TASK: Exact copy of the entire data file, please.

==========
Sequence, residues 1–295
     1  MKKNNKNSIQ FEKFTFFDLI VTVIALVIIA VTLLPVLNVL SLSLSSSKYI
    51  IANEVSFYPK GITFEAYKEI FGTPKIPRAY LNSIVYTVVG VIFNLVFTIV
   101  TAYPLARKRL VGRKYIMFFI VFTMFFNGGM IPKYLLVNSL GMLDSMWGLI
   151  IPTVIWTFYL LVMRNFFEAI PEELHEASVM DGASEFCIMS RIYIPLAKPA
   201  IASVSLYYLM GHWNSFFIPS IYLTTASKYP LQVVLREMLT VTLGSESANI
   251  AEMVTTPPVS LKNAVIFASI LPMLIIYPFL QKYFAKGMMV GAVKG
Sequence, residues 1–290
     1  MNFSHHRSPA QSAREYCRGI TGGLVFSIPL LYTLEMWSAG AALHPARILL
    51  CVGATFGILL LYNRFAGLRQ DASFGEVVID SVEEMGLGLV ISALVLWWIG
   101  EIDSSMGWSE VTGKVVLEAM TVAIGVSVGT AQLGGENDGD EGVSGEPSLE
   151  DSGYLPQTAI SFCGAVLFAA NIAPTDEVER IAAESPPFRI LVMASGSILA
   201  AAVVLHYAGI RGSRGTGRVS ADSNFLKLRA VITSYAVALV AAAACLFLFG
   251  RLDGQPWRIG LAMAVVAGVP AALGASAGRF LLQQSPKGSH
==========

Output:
Sequence, residues 1–295
     1  MKKNNKNSIQ FEKFTFFDLI VTVIALVIIA VTLLPVLNVL SLSLSSSKYI
    51  IANEVSFYPK GITFEAYKEI FGTPKIPRAY LNSIVYTVVG VIFNLVFTIV
   101  TAYPLARKRL VGRKYIMFFI VFTMFFNGGM IPKYLLVNSL GMLDSMWGLI
   151  IPTVIWTFYL LVMRNFFEAI PEELHEASVM DGASEFCIMS RIYIPLAKPA
   201  IASVSLYYLM GHWNSFFIPS IYLTTASKYP LQVVLREMLT VTLGSESANI
   251  AEMVTTPPVS LKNAVIFASI LPMLIIYPFL QKYFAKGMMV GAVKG
Sequence, residues 1–290
     1  MNFSHHRSPA QSAREYCRGI TGGLVFSIPL LYTLEMWSAG AALHPARILL
    51  CVGATFGILL LYNRFAGLRQ DASFGEVVID SVEEMGLGLV ISALVLWWIG
   101  EIDSSMGWSE VTGKVVLEAM TVAIGVSVGT AQLGGENDGD EGVSGEPSLE
   151  DSGYLPQTAI SFCGAVLFAA NIAPTDEVER IAAESPPFRI LVMASGSILA
   201  AAVVLHYAGI RGSRGTGRVS ADSNFLKLRA VITSYAVALV AAAACLFLFG
   251  RLDGQPWRIG LAMAVVAGVP AALGASAGRF LLQQSPKGSH